This painting is on loan to the Ferens from the National Portrait Gallery and I’ve used their photo since their licensing allows for me to do that. And it’s nicer than my photo. I hadn’t realised that Wilberforce suffered badly from a curvature of the spine, which meant he had to wear a metal support. This illness is why the artwork is painted in the way that it was by Sir Thomas Lawrence, a popular portrait artist.
The artwork was painted in 1825 and was funded by Sir Robert Inglis, a friend of Wilberforce, to mark his retirement from Parliament. However, there was only one sitting and so the painting was never completed, with Lawrence dying in 1830. Inglis wouldn’t let anyone else finish the work, so it remained uncompleted. Inglis kept the painting and following his death it was given to the National Portrait Gallery in 1857, one of the earliest artworks in their collection which had only opened the previous year.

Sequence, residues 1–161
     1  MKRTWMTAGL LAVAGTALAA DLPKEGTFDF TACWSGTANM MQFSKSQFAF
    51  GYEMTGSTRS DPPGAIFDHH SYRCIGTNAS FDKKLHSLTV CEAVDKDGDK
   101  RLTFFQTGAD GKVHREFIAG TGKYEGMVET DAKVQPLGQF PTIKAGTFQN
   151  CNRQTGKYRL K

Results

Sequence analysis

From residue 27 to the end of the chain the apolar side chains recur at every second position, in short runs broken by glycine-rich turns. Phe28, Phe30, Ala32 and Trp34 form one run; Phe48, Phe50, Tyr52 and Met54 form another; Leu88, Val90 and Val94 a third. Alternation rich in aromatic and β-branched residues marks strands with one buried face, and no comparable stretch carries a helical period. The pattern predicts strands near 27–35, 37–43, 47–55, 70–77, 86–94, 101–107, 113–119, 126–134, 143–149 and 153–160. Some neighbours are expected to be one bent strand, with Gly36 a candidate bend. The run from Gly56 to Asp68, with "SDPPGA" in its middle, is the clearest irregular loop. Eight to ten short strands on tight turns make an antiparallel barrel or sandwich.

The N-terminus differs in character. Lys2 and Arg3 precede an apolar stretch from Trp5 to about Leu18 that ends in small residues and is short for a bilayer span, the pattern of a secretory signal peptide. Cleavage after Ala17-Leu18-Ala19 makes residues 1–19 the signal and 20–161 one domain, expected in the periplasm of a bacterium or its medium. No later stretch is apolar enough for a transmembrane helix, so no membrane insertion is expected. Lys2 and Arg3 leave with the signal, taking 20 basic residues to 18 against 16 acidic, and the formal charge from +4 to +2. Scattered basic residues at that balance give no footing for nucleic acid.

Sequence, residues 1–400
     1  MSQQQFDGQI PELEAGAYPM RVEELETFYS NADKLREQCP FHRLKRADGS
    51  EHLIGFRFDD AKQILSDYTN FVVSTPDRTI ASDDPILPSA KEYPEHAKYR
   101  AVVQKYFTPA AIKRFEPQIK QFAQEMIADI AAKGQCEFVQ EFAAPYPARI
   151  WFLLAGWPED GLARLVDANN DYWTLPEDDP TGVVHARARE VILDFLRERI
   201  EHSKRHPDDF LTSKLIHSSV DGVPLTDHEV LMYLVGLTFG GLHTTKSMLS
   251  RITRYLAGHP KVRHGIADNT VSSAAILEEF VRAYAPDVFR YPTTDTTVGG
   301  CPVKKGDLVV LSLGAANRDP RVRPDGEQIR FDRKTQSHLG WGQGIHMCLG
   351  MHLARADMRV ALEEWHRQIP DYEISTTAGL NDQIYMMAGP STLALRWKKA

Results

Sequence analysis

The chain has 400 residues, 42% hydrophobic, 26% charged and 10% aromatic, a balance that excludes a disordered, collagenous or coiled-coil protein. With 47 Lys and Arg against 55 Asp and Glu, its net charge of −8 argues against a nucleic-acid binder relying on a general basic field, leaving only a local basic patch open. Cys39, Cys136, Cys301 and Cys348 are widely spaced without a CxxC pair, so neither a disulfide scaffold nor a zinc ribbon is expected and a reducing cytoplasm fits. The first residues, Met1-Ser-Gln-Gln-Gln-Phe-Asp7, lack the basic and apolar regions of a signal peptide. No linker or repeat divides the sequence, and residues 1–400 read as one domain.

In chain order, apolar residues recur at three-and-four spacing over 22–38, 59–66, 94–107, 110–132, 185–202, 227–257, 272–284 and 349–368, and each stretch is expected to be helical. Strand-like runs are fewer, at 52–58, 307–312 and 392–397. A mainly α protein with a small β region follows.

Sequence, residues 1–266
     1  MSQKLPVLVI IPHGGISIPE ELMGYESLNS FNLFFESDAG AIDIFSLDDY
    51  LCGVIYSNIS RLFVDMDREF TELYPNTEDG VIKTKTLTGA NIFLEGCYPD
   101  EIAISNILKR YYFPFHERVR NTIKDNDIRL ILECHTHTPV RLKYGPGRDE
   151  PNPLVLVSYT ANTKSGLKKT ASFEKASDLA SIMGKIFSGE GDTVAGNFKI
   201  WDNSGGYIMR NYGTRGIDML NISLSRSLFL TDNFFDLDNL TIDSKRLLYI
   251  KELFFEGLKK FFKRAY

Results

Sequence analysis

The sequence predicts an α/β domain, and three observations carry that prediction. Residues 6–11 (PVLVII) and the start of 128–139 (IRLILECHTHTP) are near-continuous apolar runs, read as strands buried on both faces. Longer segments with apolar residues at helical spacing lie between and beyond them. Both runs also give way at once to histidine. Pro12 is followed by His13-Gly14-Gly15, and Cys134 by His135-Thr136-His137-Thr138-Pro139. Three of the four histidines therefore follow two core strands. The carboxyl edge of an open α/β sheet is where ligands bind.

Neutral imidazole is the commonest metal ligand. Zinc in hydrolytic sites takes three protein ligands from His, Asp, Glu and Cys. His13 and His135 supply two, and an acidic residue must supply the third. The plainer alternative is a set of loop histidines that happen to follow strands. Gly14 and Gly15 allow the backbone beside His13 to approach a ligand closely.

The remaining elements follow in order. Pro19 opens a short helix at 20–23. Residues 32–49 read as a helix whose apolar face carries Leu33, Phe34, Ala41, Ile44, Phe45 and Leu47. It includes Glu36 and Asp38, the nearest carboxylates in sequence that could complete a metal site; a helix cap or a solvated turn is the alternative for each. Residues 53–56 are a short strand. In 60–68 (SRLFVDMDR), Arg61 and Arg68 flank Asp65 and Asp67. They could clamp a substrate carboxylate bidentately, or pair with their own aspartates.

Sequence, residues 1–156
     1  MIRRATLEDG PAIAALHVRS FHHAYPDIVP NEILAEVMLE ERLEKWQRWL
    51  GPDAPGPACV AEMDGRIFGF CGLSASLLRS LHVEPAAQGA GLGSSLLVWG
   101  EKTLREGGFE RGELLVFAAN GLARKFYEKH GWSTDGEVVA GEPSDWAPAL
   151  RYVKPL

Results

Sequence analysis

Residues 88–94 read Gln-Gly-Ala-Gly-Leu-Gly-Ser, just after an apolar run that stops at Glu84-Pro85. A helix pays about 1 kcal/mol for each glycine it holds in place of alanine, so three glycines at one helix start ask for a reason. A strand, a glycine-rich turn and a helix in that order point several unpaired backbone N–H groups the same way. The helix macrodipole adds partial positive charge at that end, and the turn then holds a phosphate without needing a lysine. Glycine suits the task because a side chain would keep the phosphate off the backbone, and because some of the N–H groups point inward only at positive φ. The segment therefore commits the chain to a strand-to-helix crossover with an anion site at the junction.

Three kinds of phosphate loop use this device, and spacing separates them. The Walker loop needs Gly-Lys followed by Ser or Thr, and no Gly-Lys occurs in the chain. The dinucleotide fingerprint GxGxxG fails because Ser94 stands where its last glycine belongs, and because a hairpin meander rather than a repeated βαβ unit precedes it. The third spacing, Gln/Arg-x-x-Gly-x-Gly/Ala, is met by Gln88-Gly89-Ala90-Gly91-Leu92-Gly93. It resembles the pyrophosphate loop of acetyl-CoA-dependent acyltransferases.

It’s a marvellous painting, or what there is of it is, lots of character and emotion in Wilberforce’s face.
The painting, and many other items relating to Wilberforce, are part of a temporary exhibition at the gallery, which was really well put together. Above is a photo taken from the opening of the William Wilberforce museum in the city, with the painting visible in the room in which he was born. I assume that this is the original painting that was once again on loan to the city.
Just for completeness, this was my photo of the painting.